Facts alone won’t suffice. Peoples’ eyes tend to glaze over, and they simply don’t remember facts. Plus facts often paint the problem at a scope so large as to make solving it seem near impossible.
2. Weave the fabric:
Stories that demonstrate your data in real life terms compel people to pay attention.
When you put a face to a number it’s simply more compelling. People can relate. This is essential to trigger empathy. And empathy is what triggers philanthropy.
Franklin, an 11-year-old Honduran boy, and his 7-year-old brother Byron slept very little and were constantly cold as they huddled under foil-sheet blankets.
Jimmy was brought into the pound in a trap.
When albatross ingest plastic it causes an obstruction in the digestive tract and can puncture internal organs.
3. Illustrate artfully:
Photos or videos that illustrate your stories help folks with limited attention spans (everyone). Plus, it’s true, a picture is worth 1,000 words! Don’t overlook this important strategy to boost the success of your nonprofit content marketing strategy – be it an appeal, website story, blog post, newsletter article, annual report, or whatever.
These photos barely need explanation, though a brief caption telling what you’re showing always helps.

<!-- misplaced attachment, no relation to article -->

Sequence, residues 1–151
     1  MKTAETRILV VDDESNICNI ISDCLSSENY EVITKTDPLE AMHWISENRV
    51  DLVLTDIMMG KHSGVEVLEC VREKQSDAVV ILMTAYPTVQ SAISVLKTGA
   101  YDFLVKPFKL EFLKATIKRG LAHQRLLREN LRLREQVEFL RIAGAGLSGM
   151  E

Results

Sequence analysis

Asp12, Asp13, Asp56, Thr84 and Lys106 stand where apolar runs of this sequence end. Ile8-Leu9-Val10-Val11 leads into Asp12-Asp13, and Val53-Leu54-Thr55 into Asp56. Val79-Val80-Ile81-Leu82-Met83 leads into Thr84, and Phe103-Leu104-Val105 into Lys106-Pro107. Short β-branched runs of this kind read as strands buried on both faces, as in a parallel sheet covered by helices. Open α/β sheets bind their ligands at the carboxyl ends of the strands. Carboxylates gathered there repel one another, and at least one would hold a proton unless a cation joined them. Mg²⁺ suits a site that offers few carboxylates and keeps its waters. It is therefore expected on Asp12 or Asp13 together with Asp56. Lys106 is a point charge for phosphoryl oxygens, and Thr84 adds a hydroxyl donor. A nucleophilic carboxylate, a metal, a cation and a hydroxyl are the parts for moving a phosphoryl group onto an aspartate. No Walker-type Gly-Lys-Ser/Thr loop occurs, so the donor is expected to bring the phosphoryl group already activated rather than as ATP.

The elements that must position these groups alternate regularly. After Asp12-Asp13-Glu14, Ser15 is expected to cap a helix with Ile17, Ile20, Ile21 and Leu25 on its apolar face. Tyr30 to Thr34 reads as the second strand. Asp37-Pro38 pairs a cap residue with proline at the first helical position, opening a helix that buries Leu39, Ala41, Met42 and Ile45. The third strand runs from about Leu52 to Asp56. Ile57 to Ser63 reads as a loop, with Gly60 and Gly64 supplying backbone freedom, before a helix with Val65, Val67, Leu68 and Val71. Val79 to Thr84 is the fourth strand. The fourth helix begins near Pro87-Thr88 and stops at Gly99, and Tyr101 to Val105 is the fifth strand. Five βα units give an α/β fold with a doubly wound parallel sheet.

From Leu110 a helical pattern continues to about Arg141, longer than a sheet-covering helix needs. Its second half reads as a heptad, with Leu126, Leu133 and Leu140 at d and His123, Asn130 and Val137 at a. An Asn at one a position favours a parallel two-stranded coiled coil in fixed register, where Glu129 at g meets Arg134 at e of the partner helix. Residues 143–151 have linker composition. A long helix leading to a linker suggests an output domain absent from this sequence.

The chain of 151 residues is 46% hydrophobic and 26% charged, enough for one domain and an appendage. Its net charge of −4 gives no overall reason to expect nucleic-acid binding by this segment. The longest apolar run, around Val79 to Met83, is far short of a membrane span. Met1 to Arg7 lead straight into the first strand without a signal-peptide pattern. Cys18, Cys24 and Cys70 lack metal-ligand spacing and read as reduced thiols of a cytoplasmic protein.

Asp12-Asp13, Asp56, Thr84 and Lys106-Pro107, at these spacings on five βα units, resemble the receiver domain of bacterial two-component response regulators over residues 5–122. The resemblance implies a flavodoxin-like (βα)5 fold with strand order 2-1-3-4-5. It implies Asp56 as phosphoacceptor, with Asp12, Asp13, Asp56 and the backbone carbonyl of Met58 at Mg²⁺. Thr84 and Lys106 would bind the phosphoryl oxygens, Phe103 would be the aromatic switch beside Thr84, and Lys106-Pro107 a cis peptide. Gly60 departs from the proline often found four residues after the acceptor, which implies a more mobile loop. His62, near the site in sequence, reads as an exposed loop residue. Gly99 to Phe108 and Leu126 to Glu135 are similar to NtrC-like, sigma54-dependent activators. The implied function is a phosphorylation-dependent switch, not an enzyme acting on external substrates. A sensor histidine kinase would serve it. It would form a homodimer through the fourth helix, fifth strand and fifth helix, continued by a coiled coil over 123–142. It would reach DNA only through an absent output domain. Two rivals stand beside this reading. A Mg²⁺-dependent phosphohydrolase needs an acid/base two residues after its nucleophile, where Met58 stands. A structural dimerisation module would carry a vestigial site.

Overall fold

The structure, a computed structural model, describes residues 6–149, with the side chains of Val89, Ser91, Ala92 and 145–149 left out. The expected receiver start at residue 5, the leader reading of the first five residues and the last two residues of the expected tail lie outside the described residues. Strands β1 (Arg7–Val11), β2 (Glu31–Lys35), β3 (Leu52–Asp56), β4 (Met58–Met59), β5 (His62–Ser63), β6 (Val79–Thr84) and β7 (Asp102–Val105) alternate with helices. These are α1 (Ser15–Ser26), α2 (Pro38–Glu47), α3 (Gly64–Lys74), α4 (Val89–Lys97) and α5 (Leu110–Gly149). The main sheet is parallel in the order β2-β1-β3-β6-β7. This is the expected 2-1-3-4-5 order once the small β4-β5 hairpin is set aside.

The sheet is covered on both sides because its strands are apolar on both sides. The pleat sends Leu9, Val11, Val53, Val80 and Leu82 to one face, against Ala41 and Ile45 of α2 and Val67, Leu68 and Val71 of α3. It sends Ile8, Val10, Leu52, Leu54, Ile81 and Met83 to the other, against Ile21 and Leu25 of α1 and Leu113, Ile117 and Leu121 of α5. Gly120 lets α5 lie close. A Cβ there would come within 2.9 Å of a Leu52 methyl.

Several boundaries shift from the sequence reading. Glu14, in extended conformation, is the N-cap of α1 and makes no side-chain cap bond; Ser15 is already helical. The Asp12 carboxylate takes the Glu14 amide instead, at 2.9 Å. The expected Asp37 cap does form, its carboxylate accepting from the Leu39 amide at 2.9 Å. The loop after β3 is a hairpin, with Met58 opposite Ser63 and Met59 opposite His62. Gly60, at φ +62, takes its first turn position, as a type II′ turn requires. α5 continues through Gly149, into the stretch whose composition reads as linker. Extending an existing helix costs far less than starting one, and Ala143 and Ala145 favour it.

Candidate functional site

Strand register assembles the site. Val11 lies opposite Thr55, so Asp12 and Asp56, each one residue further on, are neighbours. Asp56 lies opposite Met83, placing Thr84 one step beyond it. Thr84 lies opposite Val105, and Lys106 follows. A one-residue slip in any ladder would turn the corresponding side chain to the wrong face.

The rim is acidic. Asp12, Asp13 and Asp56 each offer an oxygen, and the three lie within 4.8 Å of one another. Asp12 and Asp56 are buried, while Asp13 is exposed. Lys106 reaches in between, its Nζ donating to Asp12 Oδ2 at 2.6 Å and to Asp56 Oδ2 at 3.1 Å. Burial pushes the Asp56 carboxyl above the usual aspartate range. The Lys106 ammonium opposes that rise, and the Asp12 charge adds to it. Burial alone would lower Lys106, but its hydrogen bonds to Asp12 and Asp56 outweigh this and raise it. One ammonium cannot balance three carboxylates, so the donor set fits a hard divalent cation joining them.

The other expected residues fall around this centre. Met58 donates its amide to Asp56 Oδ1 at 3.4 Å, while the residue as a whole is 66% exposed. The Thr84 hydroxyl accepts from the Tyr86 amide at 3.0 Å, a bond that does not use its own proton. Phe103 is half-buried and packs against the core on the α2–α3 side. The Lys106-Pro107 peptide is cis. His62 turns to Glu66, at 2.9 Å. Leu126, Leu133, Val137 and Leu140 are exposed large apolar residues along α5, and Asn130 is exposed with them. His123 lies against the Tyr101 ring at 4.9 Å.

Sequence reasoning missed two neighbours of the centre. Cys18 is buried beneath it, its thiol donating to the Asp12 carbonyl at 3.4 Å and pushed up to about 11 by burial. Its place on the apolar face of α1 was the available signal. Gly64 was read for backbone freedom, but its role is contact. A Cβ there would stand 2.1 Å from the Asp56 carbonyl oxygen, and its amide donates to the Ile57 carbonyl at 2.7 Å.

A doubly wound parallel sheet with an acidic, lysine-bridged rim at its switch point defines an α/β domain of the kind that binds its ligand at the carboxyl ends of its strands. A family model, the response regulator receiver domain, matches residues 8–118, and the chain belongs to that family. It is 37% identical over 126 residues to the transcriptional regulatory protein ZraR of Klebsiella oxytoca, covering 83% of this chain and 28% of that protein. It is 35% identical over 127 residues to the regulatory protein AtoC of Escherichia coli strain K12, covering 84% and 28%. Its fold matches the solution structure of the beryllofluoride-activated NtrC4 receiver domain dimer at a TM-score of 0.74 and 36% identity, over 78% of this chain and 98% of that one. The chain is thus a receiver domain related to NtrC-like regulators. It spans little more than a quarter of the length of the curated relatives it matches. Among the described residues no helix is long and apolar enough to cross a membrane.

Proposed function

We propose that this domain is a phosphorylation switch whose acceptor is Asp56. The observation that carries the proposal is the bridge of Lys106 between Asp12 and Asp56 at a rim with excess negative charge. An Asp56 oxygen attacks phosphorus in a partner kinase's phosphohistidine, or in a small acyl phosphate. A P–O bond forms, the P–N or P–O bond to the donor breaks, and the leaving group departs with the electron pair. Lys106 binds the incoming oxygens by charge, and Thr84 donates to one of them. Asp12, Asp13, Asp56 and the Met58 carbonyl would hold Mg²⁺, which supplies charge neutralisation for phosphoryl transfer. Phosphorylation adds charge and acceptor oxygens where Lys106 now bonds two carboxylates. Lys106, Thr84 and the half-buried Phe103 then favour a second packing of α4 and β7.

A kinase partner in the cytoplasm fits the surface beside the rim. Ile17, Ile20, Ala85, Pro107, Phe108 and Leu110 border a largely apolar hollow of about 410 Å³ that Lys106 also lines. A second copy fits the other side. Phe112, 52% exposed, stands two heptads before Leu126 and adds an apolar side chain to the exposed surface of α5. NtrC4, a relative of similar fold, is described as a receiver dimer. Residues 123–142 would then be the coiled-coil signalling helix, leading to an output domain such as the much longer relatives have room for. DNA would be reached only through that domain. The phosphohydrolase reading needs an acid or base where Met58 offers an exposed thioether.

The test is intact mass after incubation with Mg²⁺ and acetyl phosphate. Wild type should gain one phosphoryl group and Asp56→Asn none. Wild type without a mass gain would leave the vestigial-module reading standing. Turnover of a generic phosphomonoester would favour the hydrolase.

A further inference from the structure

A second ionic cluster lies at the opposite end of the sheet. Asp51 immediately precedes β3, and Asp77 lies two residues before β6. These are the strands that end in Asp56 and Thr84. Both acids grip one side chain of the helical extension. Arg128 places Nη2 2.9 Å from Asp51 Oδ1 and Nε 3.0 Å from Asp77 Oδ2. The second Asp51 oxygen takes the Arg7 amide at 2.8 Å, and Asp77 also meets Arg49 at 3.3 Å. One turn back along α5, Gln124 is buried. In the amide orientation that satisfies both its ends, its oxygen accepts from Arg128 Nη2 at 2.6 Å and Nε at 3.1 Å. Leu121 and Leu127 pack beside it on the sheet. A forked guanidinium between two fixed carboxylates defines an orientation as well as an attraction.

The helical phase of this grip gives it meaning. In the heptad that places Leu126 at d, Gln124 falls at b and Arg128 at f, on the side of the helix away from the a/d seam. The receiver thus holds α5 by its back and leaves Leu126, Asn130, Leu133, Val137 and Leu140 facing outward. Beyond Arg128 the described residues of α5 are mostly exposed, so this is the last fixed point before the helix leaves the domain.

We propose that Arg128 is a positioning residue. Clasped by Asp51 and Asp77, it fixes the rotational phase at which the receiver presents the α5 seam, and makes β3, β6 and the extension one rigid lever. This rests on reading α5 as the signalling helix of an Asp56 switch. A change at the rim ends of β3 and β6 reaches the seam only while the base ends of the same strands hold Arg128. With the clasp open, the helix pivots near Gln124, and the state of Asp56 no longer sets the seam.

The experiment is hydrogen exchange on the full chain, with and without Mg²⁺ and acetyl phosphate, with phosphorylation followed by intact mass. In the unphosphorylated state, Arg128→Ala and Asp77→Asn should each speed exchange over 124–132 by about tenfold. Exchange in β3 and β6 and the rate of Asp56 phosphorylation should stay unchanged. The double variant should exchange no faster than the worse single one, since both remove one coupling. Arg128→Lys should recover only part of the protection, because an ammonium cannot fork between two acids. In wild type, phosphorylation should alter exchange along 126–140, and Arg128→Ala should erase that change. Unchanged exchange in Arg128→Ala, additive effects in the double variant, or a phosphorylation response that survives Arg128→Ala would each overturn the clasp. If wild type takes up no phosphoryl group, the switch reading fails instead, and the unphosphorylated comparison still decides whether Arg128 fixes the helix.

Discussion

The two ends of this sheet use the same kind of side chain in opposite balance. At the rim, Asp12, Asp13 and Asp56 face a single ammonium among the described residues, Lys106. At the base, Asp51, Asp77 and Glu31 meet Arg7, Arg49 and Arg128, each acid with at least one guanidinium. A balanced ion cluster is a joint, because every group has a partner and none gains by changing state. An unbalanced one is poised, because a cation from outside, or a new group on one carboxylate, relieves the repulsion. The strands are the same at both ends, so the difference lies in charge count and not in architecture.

4. Create tension between what is and what can be:
The way you walk the data/story tightrope – the push and pull — determines whether would-be donors will walk with you to cross over to the finish line.
Don’t expect people to walk along with you unless you hold their hand. Every step of the way.
Describe the situation in a manner your would-be donor can relate to. Tap into feelings of empathy.
Show them a clear-cut opportunity to resolve the problem. Make your ask.
Let them be the resolution; the hero giving the story its happy ending.
Are you ready to give your donors the content they deserve? Here’s a Donor-Centered Content Marketing worksheet you can use as a template to enhance your donor communication efforts.
Claire Axelrad, J.D., CFRE, will inspire you through her philosophy of philanthropy, not fundraising. After a 30-year development career which earned her the AFP “Outstanding Fundraising Professional of the Year” award, Claire left the trenches to begin her coaching/teaching practice. Clairification School has been called “the best bargain in fundraising!” Claire is also featured expert and Chief Fundraising Coach for Bloomerang, She’ll be your guide, so you can be your donor’s guide on their philanthropic journey. A member of the California State Bar and graduate of Princeton University, Claire currently resides in San Francisco California. If you like craft fairs, baseball games, art openings, vocal and guitar, and political conversation, you’ll like to hang out with Claire.